We'd found a place in Letná (Prague 7) to stay, right between two big parks, Stromovka and Letenské sady (Letná gardens).  Letenské sady offered brilliant views over central Prague from the north. We mused over the weather - heavy rain forecast over the following week.

So, Lola scored new wet weather gear...

...and a new sleeping bag.

Czech Radio Two on in the background, with Czech language covers of 'evergreen' classics (think 'Raindrops Keep Fallin' On My Head' in Czech).

We wandered through Letná gardens to Pražský hrad (Prague Castle).

Later, when we headed into the city centre on our bikes, we crossed the Vltava River to Malá Strana. From here, we could ride almost the entire way home through parks: zigzagging up through the lush Petřínské gardens, under the Petřín funicular, then traversing across past Pražský hrad home to Letná.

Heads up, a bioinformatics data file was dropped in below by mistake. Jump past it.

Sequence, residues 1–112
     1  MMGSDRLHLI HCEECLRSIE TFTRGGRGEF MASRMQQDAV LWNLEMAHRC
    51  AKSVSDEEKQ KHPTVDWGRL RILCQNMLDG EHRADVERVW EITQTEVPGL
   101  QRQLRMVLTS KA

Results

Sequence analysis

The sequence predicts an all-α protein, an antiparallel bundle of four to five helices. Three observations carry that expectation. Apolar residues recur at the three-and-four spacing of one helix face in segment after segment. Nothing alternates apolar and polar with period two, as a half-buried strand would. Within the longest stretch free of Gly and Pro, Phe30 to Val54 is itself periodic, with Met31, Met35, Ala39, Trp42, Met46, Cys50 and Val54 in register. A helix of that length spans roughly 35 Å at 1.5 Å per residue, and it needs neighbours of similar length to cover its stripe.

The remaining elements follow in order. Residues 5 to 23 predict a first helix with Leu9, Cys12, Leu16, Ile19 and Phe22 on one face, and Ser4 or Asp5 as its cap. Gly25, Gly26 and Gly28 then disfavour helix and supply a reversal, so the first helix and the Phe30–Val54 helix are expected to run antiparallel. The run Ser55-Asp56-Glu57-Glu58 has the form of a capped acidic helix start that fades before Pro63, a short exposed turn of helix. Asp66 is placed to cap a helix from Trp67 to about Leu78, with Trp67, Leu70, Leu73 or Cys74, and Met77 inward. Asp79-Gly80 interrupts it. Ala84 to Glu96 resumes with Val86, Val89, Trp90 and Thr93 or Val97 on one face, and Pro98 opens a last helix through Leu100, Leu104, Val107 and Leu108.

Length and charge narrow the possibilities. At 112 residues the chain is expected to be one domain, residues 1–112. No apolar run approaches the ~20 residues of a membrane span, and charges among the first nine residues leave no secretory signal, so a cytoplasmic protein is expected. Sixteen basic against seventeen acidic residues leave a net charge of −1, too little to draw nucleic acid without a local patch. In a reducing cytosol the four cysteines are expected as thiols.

Prague has lots of bike paths, an excellent 'Prague by bike' route finder, beautiful big parks, but also cobblestones, steep hills, bad drivers, and trams (beware! they don't slow down!)

On Václavské náměstí we went into Palác knih and found an amazing bookshop with a huge map section with a little cycling atlas of CZ which looked pretty decent.

The Green Map of Prague is a great alternative guide to Prague - with good parks, non smoking bars, vegetarian food, farmers' markets, artisan shops and development eyesores all listed. The Prague Use-It map is interesting and fun, too.